[Rundle: AHRC uni sexual assault report seriously flawed and endangers academic freedom]

The impetus for “Changing the Course” came from the vice-chancellors of Australia’s 39 major universities, who commissioned the AHRC to do it. The vice-chancellors were responding in part to a build-up of pressure from the “End Rape on Campus” movement, and a group screening the Hunting Ground documentary on rape and harassment on US campuses. Such groups allege there’s a “rape culture” on campuses; the AHRC report did not find that, or that there was any specific spike in harassment or assault in a university “setting”.

Despite that, the report contained a number of suggested measures that would increase surveillance and speech policing on campuses, and one aim of the “End Rape On Campus” movement has been to lower the burden of proof for on-campus “guilt” findings, from “reasonable doubt” to “probability”. Neither of these have a compelling case made for them by the AHRC’s report; if anything, it suggests there is no need for any departure from common social practice (which may itself need reforming).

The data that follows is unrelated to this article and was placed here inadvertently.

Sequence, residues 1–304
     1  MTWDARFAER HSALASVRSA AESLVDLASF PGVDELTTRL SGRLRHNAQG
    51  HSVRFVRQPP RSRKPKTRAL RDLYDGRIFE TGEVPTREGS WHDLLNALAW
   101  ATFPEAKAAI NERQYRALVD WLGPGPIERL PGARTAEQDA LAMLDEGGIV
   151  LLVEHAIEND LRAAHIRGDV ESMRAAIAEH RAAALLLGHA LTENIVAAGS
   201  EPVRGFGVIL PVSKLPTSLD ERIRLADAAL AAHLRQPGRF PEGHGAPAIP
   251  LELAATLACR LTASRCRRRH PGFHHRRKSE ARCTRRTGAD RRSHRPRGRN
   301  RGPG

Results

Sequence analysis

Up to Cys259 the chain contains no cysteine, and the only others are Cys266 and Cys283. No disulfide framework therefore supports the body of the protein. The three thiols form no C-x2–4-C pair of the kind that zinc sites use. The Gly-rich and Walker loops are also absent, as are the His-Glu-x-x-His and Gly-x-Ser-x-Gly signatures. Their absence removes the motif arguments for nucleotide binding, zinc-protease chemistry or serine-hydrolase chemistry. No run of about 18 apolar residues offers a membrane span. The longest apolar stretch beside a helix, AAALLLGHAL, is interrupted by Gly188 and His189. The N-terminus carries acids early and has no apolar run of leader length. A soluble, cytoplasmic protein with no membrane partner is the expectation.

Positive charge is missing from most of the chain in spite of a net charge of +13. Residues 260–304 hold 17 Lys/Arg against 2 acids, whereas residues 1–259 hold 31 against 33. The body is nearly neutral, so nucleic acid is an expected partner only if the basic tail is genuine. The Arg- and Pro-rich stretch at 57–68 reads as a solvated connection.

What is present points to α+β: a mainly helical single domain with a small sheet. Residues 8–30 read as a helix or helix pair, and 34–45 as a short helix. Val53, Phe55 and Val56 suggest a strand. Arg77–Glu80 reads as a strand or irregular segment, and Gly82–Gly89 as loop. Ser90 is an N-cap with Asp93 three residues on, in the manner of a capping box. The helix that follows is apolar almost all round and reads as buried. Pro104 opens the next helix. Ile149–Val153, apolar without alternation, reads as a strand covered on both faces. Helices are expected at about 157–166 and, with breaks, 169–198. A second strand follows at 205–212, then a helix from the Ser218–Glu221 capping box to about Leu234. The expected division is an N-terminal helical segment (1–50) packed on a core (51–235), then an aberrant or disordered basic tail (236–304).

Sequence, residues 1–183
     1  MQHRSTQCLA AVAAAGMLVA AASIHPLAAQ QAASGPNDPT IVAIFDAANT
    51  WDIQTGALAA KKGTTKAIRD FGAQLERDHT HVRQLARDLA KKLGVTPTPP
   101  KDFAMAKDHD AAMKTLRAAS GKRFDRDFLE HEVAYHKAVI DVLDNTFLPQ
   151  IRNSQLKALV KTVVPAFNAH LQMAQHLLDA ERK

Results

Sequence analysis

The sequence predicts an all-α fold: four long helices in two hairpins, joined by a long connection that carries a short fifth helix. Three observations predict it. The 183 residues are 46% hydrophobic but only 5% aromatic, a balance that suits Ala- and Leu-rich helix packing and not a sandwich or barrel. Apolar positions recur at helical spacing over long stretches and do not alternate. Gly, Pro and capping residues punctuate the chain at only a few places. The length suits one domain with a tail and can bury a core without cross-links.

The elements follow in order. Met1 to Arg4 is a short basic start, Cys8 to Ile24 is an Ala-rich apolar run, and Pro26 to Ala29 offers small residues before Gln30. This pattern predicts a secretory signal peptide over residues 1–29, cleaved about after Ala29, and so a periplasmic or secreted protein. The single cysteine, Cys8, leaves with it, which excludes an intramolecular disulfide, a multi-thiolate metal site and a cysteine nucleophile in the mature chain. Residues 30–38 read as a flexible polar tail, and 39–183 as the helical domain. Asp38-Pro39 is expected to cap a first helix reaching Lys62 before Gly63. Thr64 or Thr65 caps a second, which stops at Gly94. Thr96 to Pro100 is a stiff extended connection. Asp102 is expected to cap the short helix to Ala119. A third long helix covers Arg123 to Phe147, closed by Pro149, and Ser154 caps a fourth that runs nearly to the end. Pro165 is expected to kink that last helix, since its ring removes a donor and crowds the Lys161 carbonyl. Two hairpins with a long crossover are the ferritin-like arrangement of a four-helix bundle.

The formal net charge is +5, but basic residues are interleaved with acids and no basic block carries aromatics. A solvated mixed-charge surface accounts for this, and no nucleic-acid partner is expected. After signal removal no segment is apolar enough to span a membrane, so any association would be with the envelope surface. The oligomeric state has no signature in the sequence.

Given that the report did not generate a compelling case for increased hard and soft social policing on campus, it’s particularly regressive to keep pushing such policies in a university setting. Cliched though the idea is, the university does remain a place where as much freedom — of speech, of thought, of image-display — as possible should be protected. “Should” because campuses have in recent years become places where speech has become more policed than elsewhere: policed by “no-platforming” of allegedly unacceptably offensive speakers, trigger warnings on contentious material, and challenges to course content held to be sexist, racist and other forms of speech held to be offensive. These pressures have come from one part of the left. From the right has come another pressure, to “balance” given notions of “left” and “right” in university teaching (an obsession of the IPA’s John Roskam, who would be happy to see the state dictate internal conduct of the university, in the name of freedom). Sections of the contemporary university, especially parts of the humanities, have become fraught places, where more rather than less silencing takes place. Regimes of “offensiveness” policing, absent of compelling cause, would add to that.